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Title: The development element within the World Trade Organisation
Authors: Spiteri Grech, Amanda
Keywords: World Trade Organization
Foreign trade regulation
Developing countries -- Commerce
Issue Date: 2017
Abstract: The purpose of this thesis is to examine what has been done, what is being done and what should be done at the World Trade Organisation (WTO) level with a view to foster the economic development of developing countries through the increase of their capability to trade. This is a serious source of concern and one of the major challenges for the WTO. The poorest countries on the planet need help, but even though the leaders of the wealthiest nations persist in proclaiming that they are pro-development, the truth is that they keep on protecting themselves while leaving developing countries and least developed countries behind. The WTO agreements are full of provisions aimed at alleviating poverty; however, in reality, these fit into a trend of one-size-fits-all which does not work, since different countries have different needs. This thesis argues that important lessons are to be learnt; that is, that developing countries need constant support, market access and the elimination of trade barriers. It also focuses on the way forward for developing countries. At present, the Doha Development Round is in a state of stalemate. Developing countries appear to have been completely side-lined by global powers. This thesis thus intends to identify the main reasons why the Doha Rounds are static, and attempts to examine the WTO’s special and differential treatment provisions in the context of developing countries. The WTO has failed to live up to its promises over the past years, which exposes a wider problem in the global community. Proper and long-lasting solutions to global economic problems can only be realised once global competitiveness between countries is genuine; that is, when global interest overrides self-interest.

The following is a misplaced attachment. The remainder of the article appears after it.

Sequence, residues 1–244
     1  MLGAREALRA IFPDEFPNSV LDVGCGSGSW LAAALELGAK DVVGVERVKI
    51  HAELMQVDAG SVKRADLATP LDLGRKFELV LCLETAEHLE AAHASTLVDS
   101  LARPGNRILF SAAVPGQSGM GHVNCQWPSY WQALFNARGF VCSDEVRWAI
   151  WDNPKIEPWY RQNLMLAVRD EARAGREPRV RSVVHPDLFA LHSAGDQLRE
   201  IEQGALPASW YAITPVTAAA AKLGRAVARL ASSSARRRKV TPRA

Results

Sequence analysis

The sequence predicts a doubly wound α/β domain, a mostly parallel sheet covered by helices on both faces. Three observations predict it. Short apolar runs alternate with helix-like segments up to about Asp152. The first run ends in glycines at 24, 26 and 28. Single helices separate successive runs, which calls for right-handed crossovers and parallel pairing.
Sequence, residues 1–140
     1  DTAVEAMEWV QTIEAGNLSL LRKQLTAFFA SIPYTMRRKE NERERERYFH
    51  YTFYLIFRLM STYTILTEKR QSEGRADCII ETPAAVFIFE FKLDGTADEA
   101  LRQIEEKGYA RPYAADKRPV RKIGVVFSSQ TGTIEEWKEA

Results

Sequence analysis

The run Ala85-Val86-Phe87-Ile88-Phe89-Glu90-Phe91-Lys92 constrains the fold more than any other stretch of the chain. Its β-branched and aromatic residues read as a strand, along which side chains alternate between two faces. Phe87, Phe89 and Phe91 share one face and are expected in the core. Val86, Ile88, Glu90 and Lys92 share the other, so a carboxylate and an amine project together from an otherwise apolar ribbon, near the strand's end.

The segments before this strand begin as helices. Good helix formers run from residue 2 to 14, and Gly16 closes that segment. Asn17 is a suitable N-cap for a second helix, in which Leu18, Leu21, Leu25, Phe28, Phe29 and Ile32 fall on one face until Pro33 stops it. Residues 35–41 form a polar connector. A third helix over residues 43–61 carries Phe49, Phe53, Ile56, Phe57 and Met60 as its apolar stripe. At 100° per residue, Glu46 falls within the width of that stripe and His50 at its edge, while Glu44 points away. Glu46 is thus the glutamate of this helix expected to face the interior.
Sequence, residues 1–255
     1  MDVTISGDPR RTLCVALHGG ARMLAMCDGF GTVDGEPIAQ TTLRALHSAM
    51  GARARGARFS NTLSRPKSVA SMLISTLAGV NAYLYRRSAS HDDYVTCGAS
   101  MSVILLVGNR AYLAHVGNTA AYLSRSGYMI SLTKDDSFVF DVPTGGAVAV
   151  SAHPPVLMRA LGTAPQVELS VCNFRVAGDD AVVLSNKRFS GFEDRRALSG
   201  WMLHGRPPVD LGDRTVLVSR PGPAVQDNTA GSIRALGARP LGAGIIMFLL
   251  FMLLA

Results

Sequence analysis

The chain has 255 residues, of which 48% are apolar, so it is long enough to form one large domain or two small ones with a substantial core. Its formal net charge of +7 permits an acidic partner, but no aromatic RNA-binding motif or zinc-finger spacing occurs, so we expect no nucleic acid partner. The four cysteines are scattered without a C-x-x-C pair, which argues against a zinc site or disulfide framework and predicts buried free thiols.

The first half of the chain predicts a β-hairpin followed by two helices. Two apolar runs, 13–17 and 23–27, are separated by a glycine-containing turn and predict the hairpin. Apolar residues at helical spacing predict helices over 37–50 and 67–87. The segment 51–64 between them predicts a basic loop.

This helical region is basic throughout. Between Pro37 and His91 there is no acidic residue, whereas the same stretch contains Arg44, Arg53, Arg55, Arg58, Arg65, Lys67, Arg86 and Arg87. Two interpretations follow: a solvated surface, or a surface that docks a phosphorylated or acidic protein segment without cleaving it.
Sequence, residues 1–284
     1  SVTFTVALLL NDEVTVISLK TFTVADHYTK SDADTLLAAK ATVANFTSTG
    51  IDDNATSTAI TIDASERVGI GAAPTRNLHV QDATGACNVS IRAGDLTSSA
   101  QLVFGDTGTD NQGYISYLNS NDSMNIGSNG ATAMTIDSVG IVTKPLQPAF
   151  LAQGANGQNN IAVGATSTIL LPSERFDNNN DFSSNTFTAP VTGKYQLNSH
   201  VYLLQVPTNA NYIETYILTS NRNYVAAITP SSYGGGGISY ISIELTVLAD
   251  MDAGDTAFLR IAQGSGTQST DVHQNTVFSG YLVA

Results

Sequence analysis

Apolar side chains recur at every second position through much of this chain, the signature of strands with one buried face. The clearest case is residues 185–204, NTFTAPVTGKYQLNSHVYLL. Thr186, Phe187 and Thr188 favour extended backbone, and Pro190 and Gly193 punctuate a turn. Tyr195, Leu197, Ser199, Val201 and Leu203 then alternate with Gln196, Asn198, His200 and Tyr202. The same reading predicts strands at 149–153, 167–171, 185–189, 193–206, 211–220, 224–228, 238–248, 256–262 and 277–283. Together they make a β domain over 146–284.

Description: LL.D.
Appears in Collections:Dissertations - FacLaw - 2017
Dissertations - FacLawCom - 2017

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